Musing - These Shoes are Made for Walking, Pt. 1
In the words of Aaron Lewis of Staind, "It's been a while." I figure once I get back to school and take up my editorial position proper I can return to posting on this blog on a regular basis (as if I ever did). Though I can't pinpoint why, I find that Ottawa breeds a better writing atmosphere than Brantford. Maybe it's due to its greater number of Starbucks, thus affording me more opportunities to sit by a window, sip on a chai latte, jab away at my laptop keyboard and generally put on airs.
However, this and--hopefully--the next few posts centre on my hometown of Brantford, where I was born, raised and spent the first 18 years of my life. Specifically, I'm going to use up bandwidth by prattling on about the series of long, sweat-producing walks I've opted to take over the past week. Being on a two week break from work I have more time in the day to putt around and cross half the length of the city just for the Hell of it. I wouldn't label myself as a "pro walker," but I've been strutting my stuff for so long that the actual mental energy I expend while on a stroll amounts to "Is that a car? Shit, better get back on the sidewalk." This being as such, my mind wanders and I ponder over any number of things. What follows is a relatively brief summary of where I've gone on my walks and what I've thought during.
Disclaimer: When my mind wanders, it really wanders (i.e. in a non-linear fashion), and so for the sake of legibility I've done my best to structure said thoughts in an orderly fashion, rather than a stream-of-consciousness style. Also, I apologize to anyone and everyone who has seen me walking all by my lonesome, because they've probably noticed me talking to myself and not making any attempt to hide it. It seems weird, but it's how I structure my thoughts in a legible, linear fashion.
And we're off.
July 29th, 2010; First Walk - From Home to the Brownfields
I've been told that Brantford was once an industrial heart of Ontario, and this is reflected by the somewhat intimidating quantity of factories and plants within city limits. In fact, looking at a Google Map of Brantford appears that about a quarter of the city is comprised of an industrial park stretching from nearly the northeast corner of town and well below the 403 highway that divides it in half horizontally. However, things have changed in the interim and now most of the functioning factories are located more towards the middle of town, rather than near Eagle Place where they once thrived.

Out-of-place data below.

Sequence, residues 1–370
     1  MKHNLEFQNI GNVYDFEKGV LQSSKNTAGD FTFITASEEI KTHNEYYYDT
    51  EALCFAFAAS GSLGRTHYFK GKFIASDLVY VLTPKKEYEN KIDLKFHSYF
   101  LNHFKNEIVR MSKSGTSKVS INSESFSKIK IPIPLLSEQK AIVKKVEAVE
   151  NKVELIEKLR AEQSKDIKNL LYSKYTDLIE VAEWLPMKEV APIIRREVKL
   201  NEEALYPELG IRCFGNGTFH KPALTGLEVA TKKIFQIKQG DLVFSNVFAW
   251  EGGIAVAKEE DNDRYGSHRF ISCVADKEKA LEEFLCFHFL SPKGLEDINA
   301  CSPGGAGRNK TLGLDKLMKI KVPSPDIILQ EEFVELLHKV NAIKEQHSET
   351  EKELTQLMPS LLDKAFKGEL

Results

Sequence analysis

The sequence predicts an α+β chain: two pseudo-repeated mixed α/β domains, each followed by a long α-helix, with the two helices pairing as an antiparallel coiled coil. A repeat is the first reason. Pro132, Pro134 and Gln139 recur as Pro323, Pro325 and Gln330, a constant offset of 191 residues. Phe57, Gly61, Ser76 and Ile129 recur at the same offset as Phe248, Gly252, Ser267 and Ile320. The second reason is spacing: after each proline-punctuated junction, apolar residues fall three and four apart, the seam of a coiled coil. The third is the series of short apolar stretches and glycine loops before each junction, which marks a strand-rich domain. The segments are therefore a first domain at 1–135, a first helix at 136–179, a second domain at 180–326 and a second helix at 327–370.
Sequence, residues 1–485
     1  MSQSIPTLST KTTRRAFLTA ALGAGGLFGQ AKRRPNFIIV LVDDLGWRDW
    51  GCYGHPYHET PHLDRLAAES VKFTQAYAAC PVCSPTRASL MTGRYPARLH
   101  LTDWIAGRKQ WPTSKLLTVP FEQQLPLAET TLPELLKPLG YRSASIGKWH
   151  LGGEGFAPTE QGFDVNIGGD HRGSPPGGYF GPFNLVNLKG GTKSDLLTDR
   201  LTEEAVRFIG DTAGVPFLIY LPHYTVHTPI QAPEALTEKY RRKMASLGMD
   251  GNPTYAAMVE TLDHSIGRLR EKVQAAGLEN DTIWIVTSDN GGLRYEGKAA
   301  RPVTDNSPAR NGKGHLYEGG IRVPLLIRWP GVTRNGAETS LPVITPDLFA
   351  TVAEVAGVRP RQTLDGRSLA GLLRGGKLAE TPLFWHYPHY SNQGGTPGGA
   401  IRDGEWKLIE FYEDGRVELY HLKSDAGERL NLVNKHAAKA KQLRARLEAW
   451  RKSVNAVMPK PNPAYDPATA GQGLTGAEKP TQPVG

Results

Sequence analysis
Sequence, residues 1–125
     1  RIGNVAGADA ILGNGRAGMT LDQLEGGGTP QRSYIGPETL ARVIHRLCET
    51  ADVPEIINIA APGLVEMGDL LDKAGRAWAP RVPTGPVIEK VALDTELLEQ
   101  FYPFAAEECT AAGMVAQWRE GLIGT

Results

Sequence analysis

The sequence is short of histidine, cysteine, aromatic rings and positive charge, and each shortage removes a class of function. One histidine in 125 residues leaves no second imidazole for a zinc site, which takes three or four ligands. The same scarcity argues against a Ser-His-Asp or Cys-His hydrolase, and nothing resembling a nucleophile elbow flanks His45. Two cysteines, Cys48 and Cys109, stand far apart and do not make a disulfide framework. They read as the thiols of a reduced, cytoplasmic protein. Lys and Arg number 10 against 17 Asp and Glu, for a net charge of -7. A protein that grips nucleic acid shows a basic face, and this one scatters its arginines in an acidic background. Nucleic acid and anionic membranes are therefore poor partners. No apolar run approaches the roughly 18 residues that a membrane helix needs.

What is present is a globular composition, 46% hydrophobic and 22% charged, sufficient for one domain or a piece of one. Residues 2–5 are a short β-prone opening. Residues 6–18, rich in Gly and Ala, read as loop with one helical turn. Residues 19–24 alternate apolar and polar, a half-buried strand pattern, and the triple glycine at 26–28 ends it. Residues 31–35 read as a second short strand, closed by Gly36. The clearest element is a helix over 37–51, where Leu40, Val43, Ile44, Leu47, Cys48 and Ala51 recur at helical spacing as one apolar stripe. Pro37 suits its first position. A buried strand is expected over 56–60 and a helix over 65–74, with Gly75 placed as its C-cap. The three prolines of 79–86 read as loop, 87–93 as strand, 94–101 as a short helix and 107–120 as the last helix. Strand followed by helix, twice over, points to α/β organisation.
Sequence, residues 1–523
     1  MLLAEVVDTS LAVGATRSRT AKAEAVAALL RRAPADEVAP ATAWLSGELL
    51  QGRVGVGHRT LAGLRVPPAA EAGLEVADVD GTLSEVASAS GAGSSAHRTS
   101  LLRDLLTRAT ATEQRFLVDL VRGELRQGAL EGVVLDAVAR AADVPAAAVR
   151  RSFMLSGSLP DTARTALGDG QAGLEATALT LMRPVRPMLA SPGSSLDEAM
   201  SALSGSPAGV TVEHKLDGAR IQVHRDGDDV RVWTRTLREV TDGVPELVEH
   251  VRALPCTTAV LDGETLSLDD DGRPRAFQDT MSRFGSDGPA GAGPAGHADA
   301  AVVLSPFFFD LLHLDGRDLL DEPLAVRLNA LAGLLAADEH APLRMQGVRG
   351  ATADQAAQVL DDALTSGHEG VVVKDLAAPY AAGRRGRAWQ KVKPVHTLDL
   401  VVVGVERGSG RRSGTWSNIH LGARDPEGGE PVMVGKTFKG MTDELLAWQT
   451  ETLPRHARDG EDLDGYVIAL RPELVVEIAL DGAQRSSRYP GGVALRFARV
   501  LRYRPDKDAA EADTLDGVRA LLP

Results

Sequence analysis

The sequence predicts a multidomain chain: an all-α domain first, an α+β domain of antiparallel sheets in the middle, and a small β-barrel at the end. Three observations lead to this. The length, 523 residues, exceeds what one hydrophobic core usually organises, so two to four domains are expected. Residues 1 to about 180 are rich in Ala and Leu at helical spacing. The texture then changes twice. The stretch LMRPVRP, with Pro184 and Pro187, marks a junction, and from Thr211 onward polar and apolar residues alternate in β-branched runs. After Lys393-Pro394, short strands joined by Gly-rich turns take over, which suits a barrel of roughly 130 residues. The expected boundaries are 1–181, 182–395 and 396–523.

My dad has a few things to say about Eagle Place, the southernmost neighbourhood in Brantford and one of the city's oldest. He's told me that Eagle Place is "God's country," and that while "you can take the person out of Eagle Place you can't take the Eagle Place out of the person," this usually in reference to my grandma. I doubt that either description is positive in nature, and while it would be a broad, most likely inaccurate generalization to cast this part of town in such a light, strolling through this neighbourhood today I kind of understand what he's getting at.
I won't call Eagle Place a "planned" neighbourhood in the sense that Brantford was a planned community, but taking into consideration the gridlike street layout and the similar design of houses I can tell it was once a planned residential area in the vein of Brantford's relatively new surveys. I'd say that most residents take care of their homes but the neighbourhood's not exactly living out its glory days anymore. This part of town very obviously boomed in the 50s and 60s with the nearby plants but as business moved northward I think Eagle Place lost some of its spark. And when I say business moved it moved.
What is pictured above was once the industrial pride and joy of Brantford, now more or less resembling the "un-space" described in Stephen Hall's novel The Raw Shark Texts. It's part of what's now referred to as the "Brownfields" in Brantford, basically a collection of closely-grouped abandoned factories located along the Mohawk river and that have fallen into such a state of disrepair that they have tainted the land about them. Think of the Blight the Undead produce in WarCraft III, but it's actually real.
I won't lie: it's the textbook definition of "decrepit" and flat out the worst-looking part of Brantford. To speak cynically, it's also become a symbol of the disrepair downtown Brantford's fallen into over the past couple decades. In fact, the very route I took from home to the Brownfields was a veritable tour of some of the city's less aesthetically pleasant locales, including the now half-demolished south side of Colborne Street that, until its recent condemnation, housed many of Brantford's shuttered small businesses--with the exception of a tasty little Thai restaurant that found a more suitable location on St. Paul. Colborne St. may be surprisingly familiar to non-Brantfordians, having served as the main street of Silent Hill in the film of the same name, and did so with very little set dressing. That's right: the main street of a movie ghost town required only a light set dressing--a testament to the street's physical and financial state.
I don't mean to trash downtown Brantford if I'm coming off as such. There have been gradual changes, with a stretch of Dalhousie St. now virtually unrecognizable after considerable renovation. I've been told that the Brownfields will eventually be torn down and the ground beneath them cleansed to make way for residential housing. It'll take time, but I believe some measure of financial stability and, by extension, class can be obtained once again in the near future.
Part 2 soon! Possibly tomorrow.